This makes sense when you realize the rich believe they’re better, smarter and more virtuous than everyone else. The designers who created these sites would probably disagree with that. 

They still worked within that prejudice to create something that serves their clients.

Here’s the part average designers miss

Average designers create designs based on their worldview and what they want. They focus on what feels good (to them), works best (for them), what looks good (to them). Often times they completely neglect the needs of the people they’re designing for.

Which almost always guarantees an unhappy client.

The best designers use their client’s prejudice to meet the wants and needs of everyone involved – clients, customers, partners, etc.

So how do you use classism in your designs?

First, start with your non-negotiable anchor points. Have a clear set of guidelines, know yourself. Follow your conscience.

Are you comfortable designing something, immoral or unethical? Are you comfortable creating something for someone with values and beliefs you find controversial, disgusting or extreme?

Where is your line? How will you handle it when others ask you to cross that line? Plan your course of action ahead of time.

Second, do your very best to understand those you’re designing for.

Every group believes other groups are inferior. The upper class looks down on the wealthy. Middle class workers resent upper and lower classes. Vegans, vegetarians and meat eaters resent each other.

Remember when I mentioned each group comes with its own set of rules? Take the time to learn those rules. Learn about their expectations regarding…

  • Values and beliefs
  • Interests
  • Imagery and presentation
  • Colors and designs
  • Social norms
  • Language, jargon and figures of speech

Learning about these details creates a design framework. Believe it or not, these limitations will improve your designs. But only if you’re aware of them.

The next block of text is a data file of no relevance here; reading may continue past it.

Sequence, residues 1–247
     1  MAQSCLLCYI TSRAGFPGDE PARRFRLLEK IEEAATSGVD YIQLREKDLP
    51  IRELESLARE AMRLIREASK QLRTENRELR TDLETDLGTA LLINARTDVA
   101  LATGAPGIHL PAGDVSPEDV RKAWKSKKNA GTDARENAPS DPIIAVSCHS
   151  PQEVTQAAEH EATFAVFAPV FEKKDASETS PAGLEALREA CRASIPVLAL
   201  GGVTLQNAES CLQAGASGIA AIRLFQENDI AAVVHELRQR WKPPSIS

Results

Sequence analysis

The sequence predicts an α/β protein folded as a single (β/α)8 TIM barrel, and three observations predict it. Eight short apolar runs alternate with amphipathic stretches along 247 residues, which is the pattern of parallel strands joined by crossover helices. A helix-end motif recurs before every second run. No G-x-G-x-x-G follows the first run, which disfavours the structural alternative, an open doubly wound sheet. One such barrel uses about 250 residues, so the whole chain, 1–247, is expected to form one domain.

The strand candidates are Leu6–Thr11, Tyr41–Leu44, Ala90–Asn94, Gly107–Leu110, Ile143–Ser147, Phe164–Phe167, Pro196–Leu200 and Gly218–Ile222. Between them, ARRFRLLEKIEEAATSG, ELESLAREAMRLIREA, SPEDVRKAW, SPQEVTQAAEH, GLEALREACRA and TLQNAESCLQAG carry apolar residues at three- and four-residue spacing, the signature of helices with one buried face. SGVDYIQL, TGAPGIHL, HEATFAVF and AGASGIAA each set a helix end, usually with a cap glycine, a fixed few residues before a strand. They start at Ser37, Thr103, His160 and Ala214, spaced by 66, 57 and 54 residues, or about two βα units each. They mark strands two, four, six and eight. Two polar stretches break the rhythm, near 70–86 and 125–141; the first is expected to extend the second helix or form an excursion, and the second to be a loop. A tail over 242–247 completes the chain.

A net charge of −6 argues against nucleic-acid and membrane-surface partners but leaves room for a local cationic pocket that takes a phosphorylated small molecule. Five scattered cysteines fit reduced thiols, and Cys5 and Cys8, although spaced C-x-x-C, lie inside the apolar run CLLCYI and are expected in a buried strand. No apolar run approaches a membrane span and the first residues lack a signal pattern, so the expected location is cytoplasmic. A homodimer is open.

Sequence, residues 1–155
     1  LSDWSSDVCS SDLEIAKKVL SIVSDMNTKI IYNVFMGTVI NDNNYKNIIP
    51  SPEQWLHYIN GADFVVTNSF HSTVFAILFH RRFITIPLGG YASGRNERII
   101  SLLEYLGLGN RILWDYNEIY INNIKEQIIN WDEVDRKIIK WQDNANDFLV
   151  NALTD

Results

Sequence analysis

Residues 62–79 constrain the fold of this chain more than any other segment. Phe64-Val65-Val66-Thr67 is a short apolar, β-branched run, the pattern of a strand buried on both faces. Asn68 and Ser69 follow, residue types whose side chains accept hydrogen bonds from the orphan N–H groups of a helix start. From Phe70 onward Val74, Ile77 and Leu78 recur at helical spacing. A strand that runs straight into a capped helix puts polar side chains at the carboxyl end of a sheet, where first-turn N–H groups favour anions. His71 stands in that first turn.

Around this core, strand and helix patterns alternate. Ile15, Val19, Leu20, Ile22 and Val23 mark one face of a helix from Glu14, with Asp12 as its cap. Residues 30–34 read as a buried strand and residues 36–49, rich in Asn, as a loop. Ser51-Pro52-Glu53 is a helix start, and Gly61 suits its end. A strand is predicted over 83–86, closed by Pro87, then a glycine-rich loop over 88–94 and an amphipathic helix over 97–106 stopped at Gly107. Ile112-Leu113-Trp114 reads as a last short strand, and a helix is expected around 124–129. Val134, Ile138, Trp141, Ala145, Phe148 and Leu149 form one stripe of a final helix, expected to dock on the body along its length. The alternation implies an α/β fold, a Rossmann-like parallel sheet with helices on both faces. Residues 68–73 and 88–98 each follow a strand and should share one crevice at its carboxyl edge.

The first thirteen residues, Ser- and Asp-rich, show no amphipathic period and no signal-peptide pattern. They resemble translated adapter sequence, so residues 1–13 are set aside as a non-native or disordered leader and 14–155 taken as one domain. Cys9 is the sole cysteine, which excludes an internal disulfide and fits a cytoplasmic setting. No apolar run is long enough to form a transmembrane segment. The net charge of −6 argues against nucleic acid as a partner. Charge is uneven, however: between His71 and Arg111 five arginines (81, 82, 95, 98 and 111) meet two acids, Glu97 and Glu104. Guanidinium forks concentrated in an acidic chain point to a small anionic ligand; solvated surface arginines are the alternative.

Let’s say you’re designing for a group of developers. They believe form follows function, so using a beautiful cursive font like Wahhabi Script may not be a great idea.

Third, talk to people in each group.   

What does your client stand for? What do their customers expect? Take some time and interview them. Learn about their rules and expectations. Find ways to bridge any potential conflicts in your designs.

Finally, when you’re ready, design.

Create something that conforms to their worldview. Your job isn’t to change their minds, it’s to serve. Meet them where they are and you may get an opportunity to change hearts and minds.

Use force or coercion to get your way and rejection is virtually guaranteed. Average designers push for what they want. “I’m the expert!” they tell themselves. 

I don’t use classism in my designs and I do just fine

Ah, but you do.

It’s a foundational part of life. Standing for this excludes that. Brutalism can’t be Modernism, in the same way at the same time.

When you design, you make a choice.

Average designers are okay with mediocre results. The client’s happy so I’m happy.

Elite designers focus on outcomes. “My work changed the way customers looked at your business. My work changed an industry, product or service.”

Classism is the last socially acceptable prejudice

Each class or group has a list of rules with specific right and wrong answers for each. These details create a group or class identity. “If you’re one of us you’ll do what we do.” It’s certainly not ideal, but it is something we have to deal with as designers.

Want to become an elite, sought after designer?

Start with understanding and acceptance. Work to accept people as they are, respecting their boundaries, rules and expectations. Meet them where they are and you’ll find their prejudice stops mattering.